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solar system
<a href='/solarsystem/sun/index.html'>sun</a> Sun
mercury Mercury
venus Venus
earth Earth
mars Mars
jupiter Jupiter
saturn Saturn
uranus Uranus
neptune Neptune
pluto Pluto
Planet Stats
Planet Sizes
Planets & Stars
A Light Year
  Our Solar System
  The solar system consists of sun together with the nine planets and all other celestial bodies that orbit the sun.
  Solar System Facts
  • The four planets closes to the sun, Mercury, Venus, Earth, and Mars are small and solid.
  • The four outer planets are very large and gaseous.
  • Between the inner four planets and the outer four lies the asteroid belt.
  • The orbits of the planets are ellipses with the Sun at one focus, though all except Mercury are very nearly circular. The orbits of the planets are all more or less in the same plane (called the ecliptic and defined by the plane of the Earth's orbit). The ecliptic is inclined only 7 degrees from the plane of the Sun's equator. The above diagrams show the relative sizes of the orbits of the eight planets (plus Pluto) from a perspective somewhat above the ecliptic (hence their non-circular appearance). They all orbit in the same direction (counter-clockwise looking down from above the Sun's north pole); all but Venus, Uranus and Pluto also rotate in that same sense.
planets The Solar System formed from the collapse of a giant molecular cloud approximately 4.6 billion years ago. The Sun's retinue of objects circle it in a nearly flat disc called the ecliptic plane, most of the mass of which is contained within eight relatively solitary planets whose orbits are almost circular. The four smaller inner planets; Mercury, Venus, Earth and Mars, also called the terrestrial planets, are primarily composed of rock and metal.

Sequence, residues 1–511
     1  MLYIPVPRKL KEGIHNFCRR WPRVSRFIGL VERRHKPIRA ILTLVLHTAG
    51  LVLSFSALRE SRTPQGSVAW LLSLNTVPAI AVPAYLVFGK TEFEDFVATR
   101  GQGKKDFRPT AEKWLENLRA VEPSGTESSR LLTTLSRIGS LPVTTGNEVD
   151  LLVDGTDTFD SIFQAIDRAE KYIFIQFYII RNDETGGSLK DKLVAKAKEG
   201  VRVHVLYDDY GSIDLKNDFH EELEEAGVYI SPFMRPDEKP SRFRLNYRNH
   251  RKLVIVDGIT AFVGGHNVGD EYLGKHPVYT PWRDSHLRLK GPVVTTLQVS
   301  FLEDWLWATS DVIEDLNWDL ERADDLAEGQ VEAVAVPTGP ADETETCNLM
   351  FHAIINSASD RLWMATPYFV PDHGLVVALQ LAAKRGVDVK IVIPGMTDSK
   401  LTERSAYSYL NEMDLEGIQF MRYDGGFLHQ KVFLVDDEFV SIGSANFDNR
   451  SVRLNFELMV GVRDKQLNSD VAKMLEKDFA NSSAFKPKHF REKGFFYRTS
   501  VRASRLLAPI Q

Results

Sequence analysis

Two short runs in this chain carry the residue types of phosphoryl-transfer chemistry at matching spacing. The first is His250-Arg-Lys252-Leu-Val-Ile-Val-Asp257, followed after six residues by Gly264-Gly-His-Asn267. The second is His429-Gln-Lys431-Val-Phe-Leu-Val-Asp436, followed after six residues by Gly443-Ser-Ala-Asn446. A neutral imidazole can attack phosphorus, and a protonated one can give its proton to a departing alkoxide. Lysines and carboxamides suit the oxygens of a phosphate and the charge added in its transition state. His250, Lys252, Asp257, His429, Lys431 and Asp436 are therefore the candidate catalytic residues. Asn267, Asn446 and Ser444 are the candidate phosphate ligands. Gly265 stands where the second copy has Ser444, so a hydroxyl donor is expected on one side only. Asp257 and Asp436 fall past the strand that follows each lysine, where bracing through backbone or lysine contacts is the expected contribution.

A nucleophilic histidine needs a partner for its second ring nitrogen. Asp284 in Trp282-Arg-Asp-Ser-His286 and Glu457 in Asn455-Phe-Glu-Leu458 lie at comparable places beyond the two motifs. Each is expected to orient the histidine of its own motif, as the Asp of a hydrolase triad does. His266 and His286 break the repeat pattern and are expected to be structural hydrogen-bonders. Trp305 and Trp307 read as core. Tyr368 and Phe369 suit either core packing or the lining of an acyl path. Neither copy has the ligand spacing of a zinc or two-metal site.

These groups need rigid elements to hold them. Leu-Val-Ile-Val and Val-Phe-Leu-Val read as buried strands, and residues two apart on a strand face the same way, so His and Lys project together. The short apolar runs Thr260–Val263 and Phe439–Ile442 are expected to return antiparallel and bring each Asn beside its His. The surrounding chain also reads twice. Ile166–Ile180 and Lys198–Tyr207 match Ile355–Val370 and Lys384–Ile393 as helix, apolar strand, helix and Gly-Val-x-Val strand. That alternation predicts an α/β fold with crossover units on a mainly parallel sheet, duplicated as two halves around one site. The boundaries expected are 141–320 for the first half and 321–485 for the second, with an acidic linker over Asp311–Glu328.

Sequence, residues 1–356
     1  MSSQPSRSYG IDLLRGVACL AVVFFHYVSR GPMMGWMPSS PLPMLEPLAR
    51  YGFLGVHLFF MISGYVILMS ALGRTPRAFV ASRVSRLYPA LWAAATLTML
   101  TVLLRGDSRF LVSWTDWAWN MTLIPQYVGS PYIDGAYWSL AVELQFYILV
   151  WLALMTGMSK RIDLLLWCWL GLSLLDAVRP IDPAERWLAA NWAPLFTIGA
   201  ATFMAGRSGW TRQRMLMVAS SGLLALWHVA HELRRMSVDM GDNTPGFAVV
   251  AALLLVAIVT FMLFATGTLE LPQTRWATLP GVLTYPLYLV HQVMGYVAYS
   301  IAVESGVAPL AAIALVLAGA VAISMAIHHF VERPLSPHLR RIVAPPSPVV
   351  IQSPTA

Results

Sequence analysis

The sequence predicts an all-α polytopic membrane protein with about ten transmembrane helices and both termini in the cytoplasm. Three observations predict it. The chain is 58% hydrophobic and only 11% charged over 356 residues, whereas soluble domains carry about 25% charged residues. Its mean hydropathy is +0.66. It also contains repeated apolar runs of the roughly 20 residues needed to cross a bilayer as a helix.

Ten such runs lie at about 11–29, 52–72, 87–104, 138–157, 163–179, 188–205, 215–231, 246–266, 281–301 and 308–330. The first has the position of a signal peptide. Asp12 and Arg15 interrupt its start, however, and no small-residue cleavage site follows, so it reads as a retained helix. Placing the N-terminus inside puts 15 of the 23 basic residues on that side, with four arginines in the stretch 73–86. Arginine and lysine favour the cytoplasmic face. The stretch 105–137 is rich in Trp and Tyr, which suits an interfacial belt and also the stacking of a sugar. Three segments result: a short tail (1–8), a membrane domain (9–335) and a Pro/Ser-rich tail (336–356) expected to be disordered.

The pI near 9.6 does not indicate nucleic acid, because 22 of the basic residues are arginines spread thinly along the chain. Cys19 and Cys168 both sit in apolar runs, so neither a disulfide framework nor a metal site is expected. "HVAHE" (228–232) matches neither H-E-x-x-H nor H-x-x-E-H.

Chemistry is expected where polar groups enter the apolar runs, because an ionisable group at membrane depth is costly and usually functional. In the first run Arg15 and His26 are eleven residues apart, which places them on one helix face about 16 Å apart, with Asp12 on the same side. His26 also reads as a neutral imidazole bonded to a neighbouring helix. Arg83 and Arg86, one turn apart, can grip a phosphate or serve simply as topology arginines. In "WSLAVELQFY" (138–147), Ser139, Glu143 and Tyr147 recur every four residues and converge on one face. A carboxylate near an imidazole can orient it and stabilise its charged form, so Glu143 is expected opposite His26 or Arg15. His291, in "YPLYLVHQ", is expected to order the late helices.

The four outer planets, Jupiter, Saturn, Uranus and Neptune, also called the gas giants, are composed largely of hydrogen and helium and are far more massive than the terrestrials.

The Solar System is also home to two main belts of small bodies. The asteroid belt, which lies between Mars and Jupiter, is similar to the terrestrial planets as it is composed mainly of rock and metal. The Kuiper belt (and its subpopulation, the scattered disc), which lies beyond Neptune's orbit, is composed mostly of ices such as water, ammonia and methane. Within these belts, five individual objects, Ceres, Pluto, Haumea, Makemake and Eris, are recognised to be large enough to have been rounded by their own gravity, and are thus termed dwarf planets. The hypothetical Oort cloud, which acts as the source for long-period comets, may also exist at a distance roughly a thousand times beyond these regions.

Within the Solar System, various populations of small bodies, such as comets, centaurs and interplanetary dust, freely travel between these regions, while the solar wind, a flow of plasma from the Sun, creates a bubble in the interstellar medium known as the heliosphere, which extends out to the edge of the scattered disc.

For many thousands of years, humanity, with a few notable exceptions, did not recognise the existence of the Solar System. They believed the Earth to be stationary at the centre of the universe and categorically different from the divine or ethereal objects that moved through the sky. Although the Indian mathematician-astronomer Aryabhata and the Greek philosopher Aristarchus of Samos had speculated on a heliocentric reordering of the cosmos,[1] Nicolaus Copernicus was the first to develop a mathematically predictive heliocentric system. His 17th-century successors Galileo Galilei, Johannes Kepler, and Isaac Newton developed an understanding of physics which led to the gradual acceptance of the idea that the Earth moves around the Sun and that the planets are governed by the same physical laws that governed the Earth. In more recent times, improvements in the telescope and the use of unmanned spacecraft have enabled the investigation of geological phenomena such as mountains and craters and seasonal meteorological phenomena such as clouds, dust storms and ice caps on the other planets.

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